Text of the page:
Please use this identifier to cite or link to this item: http://scholarbank.nus.edu.sg/handle/10635/22822
Title: Modulation of West Nile Virus Capsid Protein and Viral RNA Interaction through Phosphorylation
Authors: CHEONG YUEN KUEN
Keywords: flavivirus, capsid, phosphorylation, West Nile virus, regulation
Issue Date: 11-Aug-2010
Source: CHEONG YUEN KUEN (2010-08-11). Modulation of West Nile Virus Capsid Protein and Viral RNA Interaction through Phosphorylation. ScholarBank@NUS Repository.
Abstract: West Nile virus (WNV) is a mosquito-borne flavivirus, which can cause fatal meningoencephalitis. Although studies have been done to examine virus life cycle, the mechanisms that regulate its assembly are unknown. This study aims to characterize the interaction between WNV viral RNA and the capsid (C) protein and also elucidate how the processes of nucleocapsid assembly are regulated. Initial in vitro C protein and viral RNA interaction studies showed that this interaction was not specific. This suggested the presence of a regulatory mechanism to regulate C protein and RNA interaction. There are 5 putative phosphorylation sites on C protein hence; functions of C protein could be regulated by phosphorylation. Western blot analysis with anti-phosphoserine antibodies confirmed that C protein was phosphorylated. Experiments using kinase inhibitors and activators identified protein kinase C to be one of the kinases responsible for the phosphorylation of C protein. Mutations were introduced into C protein to abolish phosphorylation. The effects of hypophosphorylation with regards to the nucleocapsid assembly processes like RNA binding; nuclear localisation and oligomerization were investigated. Phosphorylation of C protein attenuated RNA binding and this study showed that C protein was dephosphorylated later during infection to facilitate C protein and viral RNA interaction. It is also known that WNV C protein localises predominantly in nuclei of infected cells. Hypophosphorylation of C protein was shown to disrupt this process. Tracking of the cellular localisation of C protein during an infection showed that C protein localised in the nucleus during the early phase of infection but was found in the cytoplasm during late phase of infection. This correlated with the gradual dephosphorylation of C protein in infected cells. Capsid protein also oligomerized to form the nucleocapsid but hypophosphorylation did not affect the formation of oligomers. However, the rate of oligomerization was retarded by phosphorylation. These data showed that hypophosphorylation favoured the processes of nucleocapsid assembly. The biological significance of these hypophosphorylated mutants was further investigated by introducing the same mutations into a WNV infectious clone. Characterization of the mutant viruses showed that mutant viruses produced a lower viral yield and also experience a lag in viral production compared to wild type virus. Complementing mutant virus infected cells with wild type C protein partially restored viral yield, however, the lag in virus production was still apparent. The lag in mutant virus replication was only abolished through the transfection of infectious viral RNA into cells. This suggested that phosphorylation was critical for the early events of viral replication linked to nuclear localisation. In addition, it was found that, while wild type virus packaged 10 times more positive-stranded viral RNA than negative-stranded viral RNA, mutant virus packaged only twice as much positive-stranded viral RNA to negative-stranded viral RNA. This study shows that WNV C functions as a phospho-protein and proposed the dynamics of phosphorylation and dephosphorylation of C protein prevents the premature assembly of the nucleocapsid. This allows assembly to occur during the late phase of an infection where large pools of positive-stranded virus RNA are present.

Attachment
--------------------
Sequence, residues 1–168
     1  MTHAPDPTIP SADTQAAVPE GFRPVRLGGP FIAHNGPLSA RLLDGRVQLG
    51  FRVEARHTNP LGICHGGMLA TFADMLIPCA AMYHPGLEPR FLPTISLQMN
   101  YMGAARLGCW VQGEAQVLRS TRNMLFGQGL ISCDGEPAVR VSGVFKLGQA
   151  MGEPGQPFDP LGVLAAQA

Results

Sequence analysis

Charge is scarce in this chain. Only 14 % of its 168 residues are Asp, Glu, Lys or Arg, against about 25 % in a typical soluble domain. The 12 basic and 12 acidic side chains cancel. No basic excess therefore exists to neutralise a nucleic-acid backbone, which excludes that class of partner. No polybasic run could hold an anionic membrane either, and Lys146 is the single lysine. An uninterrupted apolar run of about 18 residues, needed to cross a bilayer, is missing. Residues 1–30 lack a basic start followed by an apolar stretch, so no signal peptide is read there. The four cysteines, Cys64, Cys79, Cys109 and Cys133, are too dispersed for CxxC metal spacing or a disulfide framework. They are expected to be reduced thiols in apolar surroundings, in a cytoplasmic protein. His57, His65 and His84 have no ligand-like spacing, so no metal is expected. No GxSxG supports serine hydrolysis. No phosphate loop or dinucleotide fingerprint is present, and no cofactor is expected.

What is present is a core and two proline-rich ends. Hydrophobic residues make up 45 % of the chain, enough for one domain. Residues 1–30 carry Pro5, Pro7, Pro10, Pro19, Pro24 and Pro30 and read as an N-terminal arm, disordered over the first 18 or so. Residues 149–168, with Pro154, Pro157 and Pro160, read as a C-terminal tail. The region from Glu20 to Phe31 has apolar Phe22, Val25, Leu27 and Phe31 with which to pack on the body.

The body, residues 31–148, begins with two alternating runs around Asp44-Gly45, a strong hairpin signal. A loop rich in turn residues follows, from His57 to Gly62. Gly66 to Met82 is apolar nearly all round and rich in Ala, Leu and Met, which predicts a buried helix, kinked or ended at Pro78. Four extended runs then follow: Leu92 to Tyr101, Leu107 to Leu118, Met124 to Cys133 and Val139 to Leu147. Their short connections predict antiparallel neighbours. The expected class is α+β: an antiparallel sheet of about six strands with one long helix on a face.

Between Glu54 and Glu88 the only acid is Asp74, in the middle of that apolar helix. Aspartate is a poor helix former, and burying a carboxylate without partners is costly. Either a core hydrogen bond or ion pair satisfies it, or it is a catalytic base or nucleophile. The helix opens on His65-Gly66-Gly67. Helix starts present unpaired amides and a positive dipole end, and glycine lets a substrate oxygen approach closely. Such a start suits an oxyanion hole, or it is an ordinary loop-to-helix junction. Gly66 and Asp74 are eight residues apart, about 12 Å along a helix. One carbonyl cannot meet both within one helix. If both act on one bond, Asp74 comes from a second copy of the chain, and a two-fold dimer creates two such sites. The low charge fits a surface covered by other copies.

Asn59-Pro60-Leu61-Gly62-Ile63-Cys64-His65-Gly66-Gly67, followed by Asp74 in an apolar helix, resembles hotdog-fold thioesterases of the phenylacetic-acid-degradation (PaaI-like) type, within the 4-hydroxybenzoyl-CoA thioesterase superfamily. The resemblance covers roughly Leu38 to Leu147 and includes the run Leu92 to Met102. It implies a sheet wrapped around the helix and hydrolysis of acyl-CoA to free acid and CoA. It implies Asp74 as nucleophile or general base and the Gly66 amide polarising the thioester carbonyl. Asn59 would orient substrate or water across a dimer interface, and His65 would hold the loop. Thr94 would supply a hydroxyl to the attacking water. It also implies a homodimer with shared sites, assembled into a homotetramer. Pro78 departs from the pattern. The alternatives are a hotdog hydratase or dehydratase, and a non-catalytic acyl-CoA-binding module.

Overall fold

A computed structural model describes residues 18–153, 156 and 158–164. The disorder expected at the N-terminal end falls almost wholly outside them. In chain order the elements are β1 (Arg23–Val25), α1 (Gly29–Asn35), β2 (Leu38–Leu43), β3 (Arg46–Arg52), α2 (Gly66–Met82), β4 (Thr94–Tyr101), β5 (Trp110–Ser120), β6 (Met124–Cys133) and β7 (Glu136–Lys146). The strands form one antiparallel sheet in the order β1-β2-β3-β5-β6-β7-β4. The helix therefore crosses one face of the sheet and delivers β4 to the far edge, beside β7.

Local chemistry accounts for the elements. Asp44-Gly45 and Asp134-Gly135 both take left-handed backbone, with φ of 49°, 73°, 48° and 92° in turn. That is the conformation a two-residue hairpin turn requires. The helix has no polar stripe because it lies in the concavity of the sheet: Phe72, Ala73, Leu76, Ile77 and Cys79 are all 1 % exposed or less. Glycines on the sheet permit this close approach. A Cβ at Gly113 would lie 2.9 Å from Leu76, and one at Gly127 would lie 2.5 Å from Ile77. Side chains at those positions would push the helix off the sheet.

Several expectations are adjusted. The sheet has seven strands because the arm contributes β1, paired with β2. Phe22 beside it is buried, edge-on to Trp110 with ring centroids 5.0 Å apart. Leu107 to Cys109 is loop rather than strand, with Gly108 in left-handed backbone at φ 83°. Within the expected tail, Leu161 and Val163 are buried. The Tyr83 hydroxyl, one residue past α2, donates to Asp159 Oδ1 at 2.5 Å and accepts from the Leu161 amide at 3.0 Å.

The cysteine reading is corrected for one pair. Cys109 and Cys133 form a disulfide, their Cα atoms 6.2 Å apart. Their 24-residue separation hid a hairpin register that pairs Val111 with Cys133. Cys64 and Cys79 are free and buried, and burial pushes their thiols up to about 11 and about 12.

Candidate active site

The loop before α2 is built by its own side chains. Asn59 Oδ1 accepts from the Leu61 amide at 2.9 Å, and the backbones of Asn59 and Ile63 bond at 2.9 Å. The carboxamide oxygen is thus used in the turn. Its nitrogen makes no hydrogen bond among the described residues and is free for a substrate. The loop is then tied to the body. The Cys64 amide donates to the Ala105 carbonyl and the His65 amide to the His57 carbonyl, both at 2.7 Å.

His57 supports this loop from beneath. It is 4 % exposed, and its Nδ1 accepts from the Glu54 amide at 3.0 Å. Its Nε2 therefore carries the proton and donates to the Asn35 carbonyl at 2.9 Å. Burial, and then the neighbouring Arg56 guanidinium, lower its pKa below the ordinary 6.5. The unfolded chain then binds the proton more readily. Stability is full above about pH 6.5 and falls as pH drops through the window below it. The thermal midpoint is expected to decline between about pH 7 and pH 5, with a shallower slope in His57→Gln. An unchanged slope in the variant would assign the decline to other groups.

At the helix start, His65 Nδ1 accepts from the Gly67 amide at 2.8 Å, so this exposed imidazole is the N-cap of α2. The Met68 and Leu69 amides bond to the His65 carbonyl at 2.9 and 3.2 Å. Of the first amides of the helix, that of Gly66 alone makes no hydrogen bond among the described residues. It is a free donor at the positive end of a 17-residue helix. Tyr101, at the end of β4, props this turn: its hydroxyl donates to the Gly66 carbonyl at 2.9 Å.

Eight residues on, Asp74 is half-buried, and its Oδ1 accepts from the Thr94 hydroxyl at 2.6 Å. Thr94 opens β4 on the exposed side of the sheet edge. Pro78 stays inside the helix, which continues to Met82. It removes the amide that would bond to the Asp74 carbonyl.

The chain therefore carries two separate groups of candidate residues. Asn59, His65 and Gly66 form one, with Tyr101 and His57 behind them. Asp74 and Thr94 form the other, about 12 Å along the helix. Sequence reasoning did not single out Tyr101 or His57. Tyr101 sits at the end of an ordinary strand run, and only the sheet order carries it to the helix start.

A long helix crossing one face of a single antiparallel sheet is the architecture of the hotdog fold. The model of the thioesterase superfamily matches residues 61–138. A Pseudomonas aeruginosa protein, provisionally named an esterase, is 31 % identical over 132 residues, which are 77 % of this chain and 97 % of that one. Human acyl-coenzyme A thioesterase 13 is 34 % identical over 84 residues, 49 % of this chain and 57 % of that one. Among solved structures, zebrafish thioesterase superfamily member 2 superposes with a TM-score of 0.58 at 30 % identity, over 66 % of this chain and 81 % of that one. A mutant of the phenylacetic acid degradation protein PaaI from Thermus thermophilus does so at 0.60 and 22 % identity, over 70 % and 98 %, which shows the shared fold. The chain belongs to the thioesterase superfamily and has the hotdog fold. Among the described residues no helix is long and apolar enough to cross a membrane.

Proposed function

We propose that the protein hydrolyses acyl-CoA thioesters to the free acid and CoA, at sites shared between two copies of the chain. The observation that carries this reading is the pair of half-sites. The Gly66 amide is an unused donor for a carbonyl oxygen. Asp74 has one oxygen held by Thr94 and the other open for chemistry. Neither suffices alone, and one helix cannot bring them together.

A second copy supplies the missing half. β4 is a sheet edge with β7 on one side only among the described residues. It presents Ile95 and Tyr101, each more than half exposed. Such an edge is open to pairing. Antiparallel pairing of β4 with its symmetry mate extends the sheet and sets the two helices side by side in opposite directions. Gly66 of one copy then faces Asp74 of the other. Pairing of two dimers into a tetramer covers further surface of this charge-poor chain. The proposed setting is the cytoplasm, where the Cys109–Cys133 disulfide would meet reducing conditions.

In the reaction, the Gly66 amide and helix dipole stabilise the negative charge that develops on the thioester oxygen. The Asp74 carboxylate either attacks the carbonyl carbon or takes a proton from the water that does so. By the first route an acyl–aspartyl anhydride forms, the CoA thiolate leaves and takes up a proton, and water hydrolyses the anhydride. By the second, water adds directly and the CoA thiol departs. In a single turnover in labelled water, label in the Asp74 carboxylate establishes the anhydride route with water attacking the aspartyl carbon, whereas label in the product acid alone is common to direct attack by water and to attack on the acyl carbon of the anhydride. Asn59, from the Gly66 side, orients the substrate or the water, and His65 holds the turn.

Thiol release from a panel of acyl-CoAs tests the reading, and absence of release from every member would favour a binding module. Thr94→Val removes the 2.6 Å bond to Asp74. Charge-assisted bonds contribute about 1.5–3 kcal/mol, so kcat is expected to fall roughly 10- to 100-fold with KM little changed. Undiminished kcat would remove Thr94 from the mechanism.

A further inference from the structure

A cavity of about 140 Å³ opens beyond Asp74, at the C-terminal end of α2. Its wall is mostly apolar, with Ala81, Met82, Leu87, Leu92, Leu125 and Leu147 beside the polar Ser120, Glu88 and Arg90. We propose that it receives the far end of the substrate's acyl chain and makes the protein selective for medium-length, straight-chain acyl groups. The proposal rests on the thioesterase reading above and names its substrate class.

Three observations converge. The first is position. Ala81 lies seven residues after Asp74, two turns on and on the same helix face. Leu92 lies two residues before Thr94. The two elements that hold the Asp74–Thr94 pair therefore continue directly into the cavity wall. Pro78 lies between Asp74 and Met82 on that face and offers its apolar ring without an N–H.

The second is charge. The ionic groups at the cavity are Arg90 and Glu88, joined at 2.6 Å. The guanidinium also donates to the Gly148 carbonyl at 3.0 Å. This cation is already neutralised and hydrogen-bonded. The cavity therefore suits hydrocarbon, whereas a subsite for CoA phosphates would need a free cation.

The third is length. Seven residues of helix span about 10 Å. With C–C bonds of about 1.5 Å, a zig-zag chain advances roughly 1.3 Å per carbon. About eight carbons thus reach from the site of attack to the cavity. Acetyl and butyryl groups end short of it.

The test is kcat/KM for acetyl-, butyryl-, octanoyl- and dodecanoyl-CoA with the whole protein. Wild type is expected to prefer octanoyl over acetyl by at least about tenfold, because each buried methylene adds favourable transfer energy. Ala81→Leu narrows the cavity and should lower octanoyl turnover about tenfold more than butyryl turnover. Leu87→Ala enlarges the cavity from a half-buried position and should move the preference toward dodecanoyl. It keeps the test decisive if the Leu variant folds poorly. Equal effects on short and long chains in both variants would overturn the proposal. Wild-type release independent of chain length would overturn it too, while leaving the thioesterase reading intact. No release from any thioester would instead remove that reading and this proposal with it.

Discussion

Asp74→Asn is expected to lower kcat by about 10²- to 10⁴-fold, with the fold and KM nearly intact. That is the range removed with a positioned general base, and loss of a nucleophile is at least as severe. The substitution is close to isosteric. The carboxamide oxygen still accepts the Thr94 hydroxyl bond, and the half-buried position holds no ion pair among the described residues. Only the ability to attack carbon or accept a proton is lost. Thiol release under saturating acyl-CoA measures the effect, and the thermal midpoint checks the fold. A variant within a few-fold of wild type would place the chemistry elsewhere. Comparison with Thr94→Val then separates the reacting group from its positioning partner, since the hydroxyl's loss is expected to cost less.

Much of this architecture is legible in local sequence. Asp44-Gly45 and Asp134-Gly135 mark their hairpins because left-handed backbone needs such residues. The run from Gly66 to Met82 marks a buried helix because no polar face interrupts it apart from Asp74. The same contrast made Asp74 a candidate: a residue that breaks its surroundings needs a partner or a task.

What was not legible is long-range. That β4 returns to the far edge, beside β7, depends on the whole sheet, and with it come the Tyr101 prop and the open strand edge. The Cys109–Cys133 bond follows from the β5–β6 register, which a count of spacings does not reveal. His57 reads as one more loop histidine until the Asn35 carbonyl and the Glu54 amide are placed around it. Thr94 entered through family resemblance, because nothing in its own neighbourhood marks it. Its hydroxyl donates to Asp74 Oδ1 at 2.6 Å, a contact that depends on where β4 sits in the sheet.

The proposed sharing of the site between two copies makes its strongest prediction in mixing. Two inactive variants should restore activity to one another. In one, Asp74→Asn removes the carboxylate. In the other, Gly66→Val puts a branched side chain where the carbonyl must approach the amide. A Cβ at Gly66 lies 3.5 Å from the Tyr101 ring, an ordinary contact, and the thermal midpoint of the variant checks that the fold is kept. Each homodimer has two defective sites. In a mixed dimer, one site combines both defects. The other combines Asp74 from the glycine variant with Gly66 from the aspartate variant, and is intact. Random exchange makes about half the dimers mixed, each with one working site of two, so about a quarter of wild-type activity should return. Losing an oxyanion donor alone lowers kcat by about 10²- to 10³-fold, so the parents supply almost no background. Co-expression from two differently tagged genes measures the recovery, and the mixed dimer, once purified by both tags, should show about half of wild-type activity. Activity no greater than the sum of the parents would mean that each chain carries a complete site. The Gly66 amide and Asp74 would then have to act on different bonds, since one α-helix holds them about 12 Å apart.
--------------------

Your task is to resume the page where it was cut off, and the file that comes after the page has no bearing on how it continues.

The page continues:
URI: http://scholarbank.nus.edu.sg/handle/10635/22822
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